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to everyone. She had spent her life keeping her distance, as far as her mother could see. Larnapoli was a bustling town where most residents knew each other and many of them were related in some way. Most of Angeliki’s school friends had married boys from their class and the ‘pairing up’ was a process that had happened several years before. It was rare for newcomers to move into town as there was nothing to bring them. When she had finished wrapping the cherries, Angeliki joined her mother in the bread-making. Sofia slapped the shiny yellow mass onto the board and plunged in a huge knife to bisect it. Flour billowed up in clouds as they both dipped their hands in a sack of the pale yellow powder to stop the dough sticking to them. Sofia then threw her whole body weight into the job. She was a powerful woman, not very tall, but probably twice Angeliki’s width. Her daughter was more like her late father, who had been slight in build. All Sofia’s frustrations were taken out on the dough, which was probably why the bread from Papalenou’s was the most popular in town. Good loaves needed almost manly strength, to pump in the air. Angeliki did not have it in her to treat the dough the way her mother did, and Sofia knew that when the loaves emerged from the oven she would be able to see the difference. Angeliki’s loaves lacked conviction and this annoyed her mother on a daily basis. ‘Look, why don’t you go over there and finish the cake orders,’ she snapped. ‘Kyria Kalobaki will be coming in soon to collect hers, so you should start with that one.’ 60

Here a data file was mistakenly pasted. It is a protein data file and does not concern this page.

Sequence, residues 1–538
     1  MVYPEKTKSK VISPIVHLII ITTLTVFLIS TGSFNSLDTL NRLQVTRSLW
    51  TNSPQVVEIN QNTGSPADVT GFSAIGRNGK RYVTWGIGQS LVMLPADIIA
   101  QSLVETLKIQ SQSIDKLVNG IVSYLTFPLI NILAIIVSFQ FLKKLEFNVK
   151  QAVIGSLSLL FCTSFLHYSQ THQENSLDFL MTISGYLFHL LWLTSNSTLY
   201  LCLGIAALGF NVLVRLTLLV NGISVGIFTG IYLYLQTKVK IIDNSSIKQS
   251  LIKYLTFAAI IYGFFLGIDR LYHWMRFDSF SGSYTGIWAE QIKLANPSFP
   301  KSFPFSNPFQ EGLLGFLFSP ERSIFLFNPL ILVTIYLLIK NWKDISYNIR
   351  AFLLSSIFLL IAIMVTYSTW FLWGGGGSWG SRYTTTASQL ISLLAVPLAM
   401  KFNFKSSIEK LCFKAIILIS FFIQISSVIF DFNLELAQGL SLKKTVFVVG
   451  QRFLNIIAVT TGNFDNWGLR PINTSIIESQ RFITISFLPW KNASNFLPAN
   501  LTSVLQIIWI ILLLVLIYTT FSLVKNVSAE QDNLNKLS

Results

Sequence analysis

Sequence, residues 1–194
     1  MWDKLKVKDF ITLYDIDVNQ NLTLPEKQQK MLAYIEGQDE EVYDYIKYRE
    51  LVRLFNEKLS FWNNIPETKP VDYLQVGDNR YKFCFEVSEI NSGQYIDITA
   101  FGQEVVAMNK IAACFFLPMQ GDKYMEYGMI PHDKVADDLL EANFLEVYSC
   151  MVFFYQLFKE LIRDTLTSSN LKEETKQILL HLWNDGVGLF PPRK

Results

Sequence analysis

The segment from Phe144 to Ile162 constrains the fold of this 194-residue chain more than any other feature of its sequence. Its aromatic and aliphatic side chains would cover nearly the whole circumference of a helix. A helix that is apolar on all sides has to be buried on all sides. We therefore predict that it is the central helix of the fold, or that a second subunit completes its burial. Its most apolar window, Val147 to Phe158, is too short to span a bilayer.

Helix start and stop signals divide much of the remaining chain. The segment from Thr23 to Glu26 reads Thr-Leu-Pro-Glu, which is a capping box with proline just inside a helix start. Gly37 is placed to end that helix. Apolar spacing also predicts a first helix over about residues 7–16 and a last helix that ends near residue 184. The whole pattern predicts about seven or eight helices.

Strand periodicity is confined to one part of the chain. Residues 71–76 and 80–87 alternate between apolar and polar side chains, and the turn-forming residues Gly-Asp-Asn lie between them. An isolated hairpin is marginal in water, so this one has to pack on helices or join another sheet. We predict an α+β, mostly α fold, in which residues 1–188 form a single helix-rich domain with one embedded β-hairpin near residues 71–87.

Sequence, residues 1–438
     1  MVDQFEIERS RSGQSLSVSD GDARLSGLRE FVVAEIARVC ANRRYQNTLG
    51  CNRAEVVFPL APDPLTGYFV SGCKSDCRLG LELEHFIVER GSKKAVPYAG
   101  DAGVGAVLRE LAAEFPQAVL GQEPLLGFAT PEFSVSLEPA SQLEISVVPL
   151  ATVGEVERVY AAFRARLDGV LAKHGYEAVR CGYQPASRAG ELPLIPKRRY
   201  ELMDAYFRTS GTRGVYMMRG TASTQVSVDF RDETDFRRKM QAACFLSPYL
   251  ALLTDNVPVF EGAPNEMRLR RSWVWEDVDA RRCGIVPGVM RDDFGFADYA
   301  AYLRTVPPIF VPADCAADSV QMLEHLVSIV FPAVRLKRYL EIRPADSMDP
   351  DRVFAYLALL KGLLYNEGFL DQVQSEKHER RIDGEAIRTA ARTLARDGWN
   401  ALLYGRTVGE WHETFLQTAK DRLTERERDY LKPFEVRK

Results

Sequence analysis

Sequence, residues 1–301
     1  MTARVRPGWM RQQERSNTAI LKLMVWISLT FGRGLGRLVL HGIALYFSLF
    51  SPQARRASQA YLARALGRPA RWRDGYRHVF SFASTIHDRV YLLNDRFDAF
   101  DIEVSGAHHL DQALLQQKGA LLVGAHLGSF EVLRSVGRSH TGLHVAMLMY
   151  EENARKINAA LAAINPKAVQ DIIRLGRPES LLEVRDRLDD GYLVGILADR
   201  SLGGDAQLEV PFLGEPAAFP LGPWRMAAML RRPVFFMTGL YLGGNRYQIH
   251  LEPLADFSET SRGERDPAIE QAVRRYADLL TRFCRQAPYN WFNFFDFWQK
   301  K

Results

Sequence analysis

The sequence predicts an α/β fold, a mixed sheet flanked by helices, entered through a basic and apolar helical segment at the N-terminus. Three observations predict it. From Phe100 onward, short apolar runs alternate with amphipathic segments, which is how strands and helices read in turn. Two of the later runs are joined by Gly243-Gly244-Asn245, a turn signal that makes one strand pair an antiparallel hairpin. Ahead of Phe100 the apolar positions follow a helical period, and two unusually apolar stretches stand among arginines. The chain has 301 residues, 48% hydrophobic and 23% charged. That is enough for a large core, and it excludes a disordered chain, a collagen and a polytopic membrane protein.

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No one could fault Angeliki’s piping skills. Her sugarand-water handwriting was fine and elegant. She could have written whole chapters of a book on the top of a cake, and every word would be legible. She was prodigiously dexterous at everything that required a light touch. Sofia Papalenou felt the changing seasons through her confectionery: in spring, there were the special Lenten biscuits and Easter breads to be baked; then came the summer wedding season and the demand for cakes and the deep fried pastry dipped in honey, kserotigano, that was handed out at nuptials. August was also the month when they made their own ice-creams in amazing flavours. Then came autumn which was specially busy for celebratory gâteaux for saints’ days, with Stavros, Elpida and Thomas being particularly popular names in this town. After that there were the St Nicholas specialities at the beginning of December, the frantic Christmas period and finally the Vasilopita cakes for the New Year that reminded her that yet another twelve months had gone by and her daughter was still unattached. Although every order Sofia took helped to fill her till, it emptied her of a little more hope. There might have been plenty of sweetness in her life, but there was a considerable amount of bitterness too. Angeliki knew that her single state upset her mother to the point of obsession but, unlike her school friends, the young woman would wait for ever rather than compromise. If her mother could only understand that she applied her perfectionism to every part of life, not just her work, it would help. 61